Pardon me while I use today's post to clarify what seems to be misunderstood by some in referencing police misconduct stories…
"Brady Cops" and the "Brady List" refer to a 1963 Supreme Court ruling (Brady V. Maryland) that the government has a legal obligation to disclose evidence which may justify or excuse an accused defendant's actions.
In essence, the prosecution cannot withhold evidence that could strengthen a defendant's case.
From this decision, "Brady Cops" or being on the "Brady List" refers to police officers who previously have been shown as dishonest or otherwise acted in a manner to be discredited while serving in an official capacity.
When a district attorney uses a person on a "Brady List" in a case, he/she will certainly want to know as it could jeopardize that prosecution.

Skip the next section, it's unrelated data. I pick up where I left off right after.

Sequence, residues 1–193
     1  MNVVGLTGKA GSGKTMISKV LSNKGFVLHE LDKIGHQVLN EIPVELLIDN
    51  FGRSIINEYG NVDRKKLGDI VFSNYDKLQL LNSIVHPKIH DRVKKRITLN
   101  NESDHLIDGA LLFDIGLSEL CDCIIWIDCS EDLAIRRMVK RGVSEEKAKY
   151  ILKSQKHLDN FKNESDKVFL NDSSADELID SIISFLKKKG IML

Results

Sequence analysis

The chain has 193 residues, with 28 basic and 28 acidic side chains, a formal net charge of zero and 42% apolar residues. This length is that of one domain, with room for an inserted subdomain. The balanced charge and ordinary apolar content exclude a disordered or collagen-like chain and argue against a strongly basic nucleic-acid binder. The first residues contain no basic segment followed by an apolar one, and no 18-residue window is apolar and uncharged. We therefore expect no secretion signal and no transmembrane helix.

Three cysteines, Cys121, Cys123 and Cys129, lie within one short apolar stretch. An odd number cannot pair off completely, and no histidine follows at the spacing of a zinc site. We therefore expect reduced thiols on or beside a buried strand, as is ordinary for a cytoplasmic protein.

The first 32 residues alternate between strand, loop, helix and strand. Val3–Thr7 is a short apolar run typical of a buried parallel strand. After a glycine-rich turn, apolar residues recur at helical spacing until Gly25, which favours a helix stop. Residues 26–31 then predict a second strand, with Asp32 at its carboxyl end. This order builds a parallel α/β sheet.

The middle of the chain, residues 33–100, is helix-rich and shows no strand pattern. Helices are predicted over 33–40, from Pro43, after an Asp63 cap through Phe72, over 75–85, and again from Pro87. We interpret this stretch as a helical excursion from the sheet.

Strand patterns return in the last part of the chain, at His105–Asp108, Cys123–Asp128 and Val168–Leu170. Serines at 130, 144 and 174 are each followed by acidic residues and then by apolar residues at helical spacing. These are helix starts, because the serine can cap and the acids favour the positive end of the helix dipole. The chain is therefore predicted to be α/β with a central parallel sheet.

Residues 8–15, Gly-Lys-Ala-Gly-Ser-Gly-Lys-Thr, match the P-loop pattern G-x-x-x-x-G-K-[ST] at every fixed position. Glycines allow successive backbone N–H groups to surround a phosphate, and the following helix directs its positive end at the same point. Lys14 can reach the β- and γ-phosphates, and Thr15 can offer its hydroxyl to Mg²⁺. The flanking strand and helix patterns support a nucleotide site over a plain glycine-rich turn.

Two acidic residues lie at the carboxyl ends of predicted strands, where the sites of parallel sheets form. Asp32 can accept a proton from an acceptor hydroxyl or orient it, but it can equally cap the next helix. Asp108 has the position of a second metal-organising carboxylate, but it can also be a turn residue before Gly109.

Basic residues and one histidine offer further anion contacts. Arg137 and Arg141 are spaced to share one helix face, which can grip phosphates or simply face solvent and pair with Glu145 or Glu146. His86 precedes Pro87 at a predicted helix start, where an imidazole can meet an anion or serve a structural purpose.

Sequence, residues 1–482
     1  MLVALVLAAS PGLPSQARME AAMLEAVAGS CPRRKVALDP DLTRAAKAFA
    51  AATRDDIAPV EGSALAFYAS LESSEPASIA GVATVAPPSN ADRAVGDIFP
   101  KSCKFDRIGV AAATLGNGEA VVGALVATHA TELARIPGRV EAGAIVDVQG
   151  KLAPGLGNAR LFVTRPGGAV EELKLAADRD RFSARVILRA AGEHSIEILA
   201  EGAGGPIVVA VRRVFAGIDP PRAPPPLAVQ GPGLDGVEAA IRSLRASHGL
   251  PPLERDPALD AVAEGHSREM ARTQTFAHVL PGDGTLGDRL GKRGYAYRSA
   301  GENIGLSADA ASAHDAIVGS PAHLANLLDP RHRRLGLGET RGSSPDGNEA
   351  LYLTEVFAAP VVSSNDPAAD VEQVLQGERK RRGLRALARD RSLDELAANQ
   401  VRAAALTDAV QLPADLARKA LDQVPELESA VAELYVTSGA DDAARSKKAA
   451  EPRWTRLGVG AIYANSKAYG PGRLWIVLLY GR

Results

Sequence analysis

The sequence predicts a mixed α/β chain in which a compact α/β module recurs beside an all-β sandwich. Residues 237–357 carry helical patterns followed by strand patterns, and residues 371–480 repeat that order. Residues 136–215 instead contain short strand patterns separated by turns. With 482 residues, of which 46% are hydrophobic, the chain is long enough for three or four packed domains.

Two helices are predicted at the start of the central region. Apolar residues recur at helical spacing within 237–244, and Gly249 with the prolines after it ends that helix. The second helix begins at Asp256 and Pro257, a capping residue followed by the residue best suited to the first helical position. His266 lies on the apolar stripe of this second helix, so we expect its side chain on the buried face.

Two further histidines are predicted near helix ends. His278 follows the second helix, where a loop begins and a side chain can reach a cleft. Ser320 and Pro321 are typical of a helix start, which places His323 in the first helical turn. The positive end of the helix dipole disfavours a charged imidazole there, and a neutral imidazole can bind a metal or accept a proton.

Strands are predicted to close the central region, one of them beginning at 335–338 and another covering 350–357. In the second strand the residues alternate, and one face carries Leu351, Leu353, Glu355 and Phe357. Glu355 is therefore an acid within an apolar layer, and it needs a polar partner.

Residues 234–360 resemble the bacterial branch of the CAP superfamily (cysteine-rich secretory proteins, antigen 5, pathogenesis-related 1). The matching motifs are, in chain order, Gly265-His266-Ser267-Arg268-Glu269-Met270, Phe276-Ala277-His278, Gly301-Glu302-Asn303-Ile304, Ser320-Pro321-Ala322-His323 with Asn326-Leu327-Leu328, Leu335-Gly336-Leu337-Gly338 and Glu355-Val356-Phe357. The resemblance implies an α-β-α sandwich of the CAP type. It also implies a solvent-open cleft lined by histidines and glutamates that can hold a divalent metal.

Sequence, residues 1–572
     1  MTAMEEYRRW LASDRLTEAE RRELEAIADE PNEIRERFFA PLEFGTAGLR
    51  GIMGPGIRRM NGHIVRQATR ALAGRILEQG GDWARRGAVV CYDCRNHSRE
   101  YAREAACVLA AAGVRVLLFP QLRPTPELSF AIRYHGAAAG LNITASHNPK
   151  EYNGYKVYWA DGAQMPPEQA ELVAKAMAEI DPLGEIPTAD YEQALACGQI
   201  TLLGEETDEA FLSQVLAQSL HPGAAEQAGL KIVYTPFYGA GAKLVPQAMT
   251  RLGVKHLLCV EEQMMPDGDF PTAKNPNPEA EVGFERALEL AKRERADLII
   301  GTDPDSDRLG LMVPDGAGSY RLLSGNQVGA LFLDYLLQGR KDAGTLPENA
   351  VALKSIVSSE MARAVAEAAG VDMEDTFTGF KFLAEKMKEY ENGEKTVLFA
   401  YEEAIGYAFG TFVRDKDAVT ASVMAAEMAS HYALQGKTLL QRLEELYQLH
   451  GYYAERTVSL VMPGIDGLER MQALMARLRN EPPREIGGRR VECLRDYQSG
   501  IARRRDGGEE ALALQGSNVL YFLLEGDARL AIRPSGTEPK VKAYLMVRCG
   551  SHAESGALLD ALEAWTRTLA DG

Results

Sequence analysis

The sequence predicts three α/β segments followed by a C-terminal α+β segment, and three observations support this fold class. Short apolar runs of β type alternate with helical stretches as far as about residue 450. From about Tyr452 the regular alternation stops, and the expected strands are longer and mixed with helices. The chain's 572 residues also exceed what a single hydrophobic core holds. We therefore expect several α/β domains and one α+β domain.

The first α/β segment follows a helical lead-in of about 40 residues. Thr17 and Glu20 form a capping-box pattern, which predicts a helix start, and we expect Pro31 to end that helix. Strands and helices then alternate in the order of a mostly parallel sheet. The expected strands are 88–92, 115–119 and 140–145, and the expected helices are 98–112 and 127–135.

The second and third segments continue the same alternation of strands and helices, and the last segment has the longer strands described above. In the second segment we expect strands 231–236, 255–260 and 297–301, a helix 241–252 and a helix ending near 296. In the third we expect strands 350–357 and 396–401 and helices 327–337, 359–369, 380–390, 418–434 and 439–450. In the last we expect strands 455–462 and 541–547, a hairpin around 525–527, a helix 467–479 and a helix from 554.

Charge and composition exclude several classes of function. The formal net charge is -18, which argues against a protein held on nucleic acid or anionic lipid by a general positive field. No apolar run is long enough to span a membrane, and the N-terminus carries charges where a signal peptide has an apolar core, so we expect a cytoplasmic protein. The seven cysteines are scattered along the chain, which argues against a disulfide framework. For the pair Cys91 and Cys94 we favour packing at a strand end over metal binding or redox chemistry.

As you can imagine, the defense would certainly attack the credibility of any police officer with this negative designation.
Jurisdictions handle "Brady Cops" differently--whether there is a formal list or they rely on police agency notification--but officials are all still bound by this 1963 decision.
Recently, a reporter obtained a copy of a "Brady List" from officials in Broward County, Florida.
It is 22 pages long and includes 147 names and summary information on alleged/proven misconduct.
Some of the individuals are still being investigated, and would be removed from the list if the allegations against them are unsubstantiated.
If you are interested in seeing one, Broward County's "Brady List" is here.
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